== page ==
Growth-Driven Continuous Improvement for your website - Part 2

In the first part of this series, we discussed how a website is the hardest-working piece of digital marketing your company owns, and how it has to be honed like a race car to provide peak results over a period of time instead of being abandoned to its best devices. This week, we are going to discuss some high-level improvement efforts that will provide some good bang for your buck.

Is personalization important?

Lots of smaller companies feel like personalization is something only Google can afford to do. The truth is, a personalized experience makes the audience feel important. Maybe your personalized experience is showing the visitor content that is related to something they liked/shared/enjoyed the last time they visited your site, which would aid in site stickiness.

To start with personalization you have to consider two main things: (1) Who is the audience you’re personalizing for, and (2) what are you going to show them? We feel that personalizing for the audience based on behavior provides with the best result. For example, you could personalize search results for a client that’s consistently visiting the pricing page, but not purchasing. Or you could personalize based on exit intent, meaning you can provide one last window of information to people who are trying to leave the site before taking action.

As far as determining what to show the audiences depending on their behavior, you need to consider three factors - according to Optimizely - the page real estate, meaning the exact location where the personalized information will load; where on the page you will show the personalization, for example headlines or calls to action; and finally, the value you’re providing the audience. You should not be personalizing just because you can; at the same time, you should be focusing on specific experiments when you personalize so you can analyze results and implement based on existing data.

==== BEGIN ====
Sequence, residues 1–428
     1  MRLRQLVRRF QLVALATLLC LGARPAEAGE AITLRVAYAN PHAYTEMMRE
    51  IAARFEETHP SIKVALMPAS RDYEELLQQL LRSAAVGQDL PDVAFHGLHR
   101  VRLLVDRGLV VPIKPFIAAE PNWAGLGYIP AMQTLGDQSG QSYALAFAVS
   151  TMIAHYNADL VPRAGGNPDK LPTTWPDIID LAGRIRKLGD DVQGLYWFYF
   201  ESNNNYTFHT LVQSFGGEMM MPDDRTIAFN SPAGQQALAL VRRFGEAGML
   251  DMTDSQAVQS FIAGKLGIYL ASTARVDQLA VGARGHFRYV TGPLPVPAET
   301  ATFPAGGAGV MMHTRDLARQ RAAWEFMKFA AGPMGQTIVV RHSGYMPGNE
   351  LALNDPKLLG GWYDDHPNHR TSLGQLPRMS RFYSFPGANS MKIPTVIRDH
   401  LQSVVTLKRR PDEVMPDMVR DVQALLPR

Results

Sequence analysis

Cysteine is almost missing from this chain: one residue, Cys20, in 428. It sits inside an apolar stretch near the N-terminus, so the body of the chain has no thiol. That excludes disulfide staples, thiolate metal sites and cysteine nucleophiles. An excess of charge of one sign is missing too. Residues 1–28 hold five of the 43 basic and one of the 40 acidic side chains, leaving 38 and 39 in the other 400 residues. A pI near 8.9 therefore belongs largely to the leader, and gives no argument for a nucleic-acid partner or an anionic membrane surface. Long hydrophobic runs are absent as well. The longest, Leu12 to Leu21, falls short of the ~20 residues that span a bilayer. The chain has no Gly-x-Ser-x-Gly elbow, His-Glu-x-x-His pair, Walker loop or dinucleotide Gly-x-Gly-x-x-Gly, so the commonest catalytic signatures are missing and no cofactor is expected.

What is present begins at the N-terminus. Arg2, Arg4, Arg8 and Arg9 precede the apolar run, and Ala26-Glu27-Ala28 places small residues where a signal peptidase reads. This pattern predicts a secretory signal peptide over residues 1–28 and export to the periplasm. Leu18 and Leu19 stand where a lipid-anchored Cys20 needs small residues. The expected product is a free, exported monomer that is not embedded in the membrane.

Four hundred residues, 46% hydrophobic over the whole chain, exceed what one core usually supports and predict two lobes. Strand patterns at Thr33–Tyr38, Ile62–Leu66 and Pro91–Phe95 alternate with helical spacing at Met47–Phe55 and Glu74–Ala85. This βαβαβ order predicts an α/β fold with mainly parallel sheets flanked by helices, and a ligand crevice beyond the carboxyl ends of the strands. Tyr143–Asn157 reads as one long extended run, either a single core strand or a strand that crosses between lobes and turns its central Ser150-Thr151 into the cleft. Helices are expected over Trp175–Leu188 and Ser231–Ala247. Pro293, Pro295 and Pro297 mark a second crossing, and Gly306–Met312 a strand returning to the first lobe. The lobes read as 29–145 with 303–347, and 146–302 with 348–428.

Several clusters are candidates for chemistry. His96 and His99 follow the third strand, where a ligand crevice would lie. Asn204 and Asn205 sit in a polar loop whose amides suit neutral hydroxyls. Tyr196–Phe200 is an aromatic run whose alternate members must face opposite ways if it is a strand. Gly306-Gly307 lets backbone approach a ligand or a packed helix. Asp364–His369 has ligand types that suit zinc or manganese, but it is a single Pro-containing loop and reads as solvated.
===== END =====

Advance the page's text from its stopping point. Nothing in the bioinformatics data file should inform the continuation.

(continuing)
When do assets come into play?

White papers, ebooks, webinars, infographics or other downloadable materials are considered assets that you can provide to your audience for free in exchange for something (usually an email account, but sometimes an address and a phone number). Once you have an established audience, and have provided proof of your value as a resource, it’s good to consider assets as a way to optimize your conversion rate and maximize stickiness.

A benchmark for what constitutes a “great” asset is whether it’s good enough that your audience would be willing to pay for it.  Some examples of amazing assets are the Kissmetrics Marketing Guides and the MailChimp Learning Guides. Both of these asset collections contain great, actionable information that is of use whether you are a Kissmetric or a MailChimp client or not.

These assets should absolutely be part of your whole content and marketing strategy. They should be well-researched, written and professionally designed. They should present your business in the best possible light while also providing users with solutions to problems they face or offering tips that will save them money. If they contain any calls to action that pertain to your business, they should be minimal and unobtrusive and the overall tone of the piece should be editorial and not sales-centric.

In future weeks, we will be spending some time discussing assets in depth.

Finally: develop your network of promoters.

Your site should be built to make the sharing of content easy. Your audience will find value on your content, and they will want to share it. Make the user experience better by allowing them to easily and seamlessly share your content across other platforms.

Of course, the first solution that comes to mind is social media share buttons. While that is an obvious solution to the promoter step, there are other ways. For example, offering to invite other people who might be interested when your prospect signs up for a free webinar and presenting them with a ready-to-use form field where they can input emails and have invites automatically sent to those new users. Another example are pre-filled tweets or Facebook updates when you have successfully completed a transaction that announce to your network you have interacted with the product or service that need promoting.

You could also decide to reward promoters who excel at promoting your site. For example, Dropbox gives promoters free extra storage space for each person they invite to the service, and companies like SunRun will give promoters cash incentives for every person that is referred and successfully activates their solar power system.

We hope that you’ve found value in this crash course into Continuous Improvement. We look forward to continue the conversation into assets and further illustrate some of these techniques with case studies in the near future. Stay tuned.

Astrid Storey